Rhinotopic therapy for refractory chronic rhinosinusitis: a study of 20 cases.
by Shikani, Alan H.Published: Ear, nose, & throat journal ; 2014Edition: Ear, Nose, & Throat Journal. 93(4-5):E48-54, 2014 Apr-May.ISSN: 0145-5613.UI/PMID: 24817242.Subject(s): Adrenal Cortex Hormones/ad [Administration & Dosage] | Adult | Aged | Anti-Bacterial Agents/ad [Administration & Dosage] | Chronic Disease | Combined Modality Therapy | Debridement/mt [Methods] | Endoscopy | Female | Humans | Male | Middle Aged | Mometasone Furoate | Nebulizers and Vaporizers | Pilot Projects | Pregnadienediols/ad [Administration & Dosage] | Prospective Studies | *Rhinitis/th [Therapy] | *Sinusitis/th [Therapy] | Sodium Chloride/ad [Administration & Dosage] | Therapeutic Irrigation | Treatment OutcomeInstitution(s): MedStar Union Memorial HospitalDepartment(s): Otolaryngology-Head and Neck SurgeryActivity type: Journal Article.Medline article type(s): Controlled Clinical Trial | Journal Article
Abbreviated citation:Abstract: The management of refractory chronic rhinosinusitis (CRS) after endoscopic sinus surgery is complex and challenging. We conducted a prospective clinical pilot study to evaluate the effectiveness of a rhinotopic protocol for the treatment of refractory CRS. Our study population was made up of 20 patients--8 men and 12 women, aged 31 to 76 years (mean: 50.1)--who were treated in our tertiary care rhinology fellowship training program. The rhinotopic protocol consisted of twice-daily saline rinses, each of which was followed by the administration of a nebulized corticosteroid and then a nebulized antibiotic. This regimen was administered for 6 weeks. Thereafter, patients underwent a once-weekly endoscopic sinus debridement followed by topical intrasinus installation of a corticosteroid and antibiotic. The duration of follow-up was 24 weeks, and thus the total study duration was 30 weeks. Treatment outcomes were based on Lund-Kennedy symptom scores and Lund-Kennedy endoscopic appearance scores. We found a 56% improvement in the mean symptom score after 3 weeks of therapy and 77% after 6 weeks. Subsequent follow-up revealed 90% improvement 4 weeks following the completion of therapy and 95% at 8 weeks post-therapy. Thereafter, we saw a small decrease in improvement: 73% at 16 weeks of follow-up and 65% at 24 weeks. Analysis of endoscopic appearance scores revealed a 55% improvement at 3 weeks of therapy and 84% at 6 weeks. The same general pattern emerged during follow-up, with 94% improvement 4 weeks after the cessation of therapy, 96% at 8 weeks, 76% at 16 weeks, and 75% at 24 weeks. Sinus cultures performed 4 weeks after the cessation of therapy found no growth in 13 patients (65%), normal respiratory flora in 5 patients (25%), a persistent pathogen in 1 patient (5%), and the emergence of a new pathogen in another (5%). Analysis of symptom scores and endoscopic appearance scores revealed that the rhinotopic protocol resulted in statistically significant improvement (p < 0.001) throughout the treatment period and follow-up period, although the improvement gradually declined over time. We therefore conclude that a rhinotopic protocol can be an effective treatment for refractory CRS.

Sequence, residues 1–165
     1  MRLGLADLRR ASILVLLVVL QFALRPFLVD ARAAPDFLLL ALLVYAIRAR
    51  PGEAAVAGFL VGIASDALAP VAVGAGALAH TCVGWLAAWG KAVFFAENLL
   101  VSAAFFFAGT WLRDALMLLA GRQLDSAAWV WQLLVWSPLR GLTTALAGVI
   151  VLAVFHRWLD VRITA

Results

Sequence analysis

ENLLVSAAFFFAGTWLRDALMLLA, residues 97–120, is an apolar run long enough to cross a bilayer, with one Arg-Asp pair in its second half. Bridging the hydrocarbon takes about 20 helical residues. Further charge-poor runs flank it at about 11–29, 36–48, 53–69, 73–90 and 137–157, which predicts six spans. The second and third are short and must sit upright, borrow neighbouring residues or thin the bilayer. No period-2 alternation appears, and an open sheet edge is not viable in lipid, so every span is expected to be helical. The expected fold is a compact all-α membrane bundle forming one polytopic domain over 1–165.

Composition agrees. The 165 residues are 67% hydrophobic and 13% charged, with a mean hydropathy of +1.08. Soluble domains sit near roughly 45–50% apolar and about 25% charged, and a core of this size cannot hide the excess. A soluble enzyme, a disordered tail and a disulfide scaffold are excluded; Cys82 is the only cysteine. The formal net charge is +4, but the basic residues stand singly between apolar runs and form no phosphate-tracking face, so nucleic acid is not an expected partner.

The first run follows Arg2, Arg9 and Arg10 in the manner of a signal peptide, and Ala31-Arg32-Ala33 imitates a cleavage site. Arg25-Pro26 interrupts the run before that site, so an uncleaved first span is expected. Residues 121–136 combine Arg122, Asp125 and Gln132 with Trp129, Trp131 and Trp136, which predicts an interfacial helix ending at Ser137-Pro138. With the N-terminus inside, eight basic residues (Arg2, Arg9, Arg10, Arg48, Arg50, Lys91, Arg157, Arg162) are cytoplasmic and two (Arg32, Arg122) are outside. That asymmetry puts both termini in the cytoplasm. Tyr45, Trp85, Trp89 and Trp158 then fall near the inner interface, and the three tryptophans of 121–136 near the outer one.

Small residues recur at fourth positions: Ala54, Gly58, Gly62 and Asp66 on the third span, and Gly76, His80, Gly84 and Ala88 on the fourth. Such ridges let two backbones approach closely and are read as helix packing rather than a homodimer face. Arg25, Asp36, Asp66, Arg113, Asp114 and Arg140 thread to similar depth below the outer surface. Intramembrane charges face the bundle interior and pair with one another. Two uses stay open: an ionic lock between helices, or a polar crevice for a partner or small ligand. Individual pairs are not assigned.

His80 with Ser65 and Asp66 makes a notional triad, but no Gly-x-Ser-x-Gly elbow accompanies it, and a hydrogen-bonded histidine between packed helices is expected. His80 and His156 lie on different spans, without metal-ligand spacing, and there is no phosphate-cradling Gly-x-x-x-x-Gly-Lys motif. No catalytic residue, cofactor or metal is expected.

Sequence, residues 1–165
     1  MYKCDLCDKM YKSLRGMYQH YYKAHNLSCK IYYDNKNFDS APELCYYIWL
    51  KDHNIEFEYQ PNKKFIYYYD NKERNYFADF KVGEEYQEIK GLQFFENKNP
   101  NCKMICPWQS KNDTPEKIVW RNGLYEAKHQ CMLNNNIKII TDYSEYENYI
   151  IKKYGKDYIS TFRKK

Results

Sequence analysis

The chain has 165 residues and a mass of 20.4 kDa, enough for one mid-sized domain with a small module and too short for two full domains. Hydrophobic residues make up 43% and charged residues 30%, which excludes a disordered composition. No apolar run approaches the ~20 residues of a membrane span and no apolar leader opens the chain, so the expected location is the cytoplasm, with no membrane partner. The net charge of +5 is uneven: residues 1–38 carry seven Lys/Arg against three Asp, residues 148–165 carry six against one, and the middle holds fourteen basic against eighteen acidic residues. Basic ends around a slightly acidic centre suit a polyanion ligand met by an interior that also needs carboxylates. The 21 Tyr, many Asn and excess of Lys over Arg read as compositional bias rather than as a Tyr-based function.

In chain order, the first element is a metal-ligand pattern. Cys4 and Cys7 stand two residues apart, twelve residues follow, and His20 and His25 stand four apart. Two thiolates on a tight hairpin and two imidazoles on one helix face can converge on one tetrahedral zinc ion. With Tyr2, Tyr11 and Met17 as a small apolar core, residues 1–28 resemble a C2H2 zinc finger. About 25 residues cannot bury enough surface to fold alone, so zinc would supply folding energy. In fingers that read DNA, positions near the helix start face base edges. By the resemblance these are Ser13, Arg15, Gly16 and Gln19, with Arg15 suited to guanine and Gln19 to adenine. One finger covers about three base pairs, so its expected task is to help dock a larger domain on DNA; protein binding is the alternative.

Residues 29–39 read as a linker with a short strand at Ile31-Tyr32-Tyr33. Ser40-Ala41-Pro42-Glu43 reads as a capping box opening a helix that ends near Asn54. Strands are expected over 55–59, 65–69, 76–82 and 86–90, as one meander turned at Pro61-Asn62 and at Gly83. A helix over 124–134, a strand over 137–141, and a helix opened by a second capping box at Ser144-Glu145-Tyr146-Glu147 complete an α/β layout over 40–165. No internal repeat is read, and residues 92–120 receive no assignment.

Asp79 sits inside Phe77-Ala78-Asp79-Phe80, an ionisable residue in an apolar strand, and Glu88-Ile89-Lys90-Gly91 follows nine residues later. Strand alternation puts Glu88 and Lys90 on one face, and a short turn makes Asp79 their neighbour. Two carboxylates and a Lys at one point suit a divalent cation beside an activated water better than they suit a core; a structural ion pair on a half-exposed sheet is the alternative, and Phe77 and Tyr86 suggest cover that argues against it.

Ear Nose Throat J. 93(4-5):E48-54, 2014 Apr-May.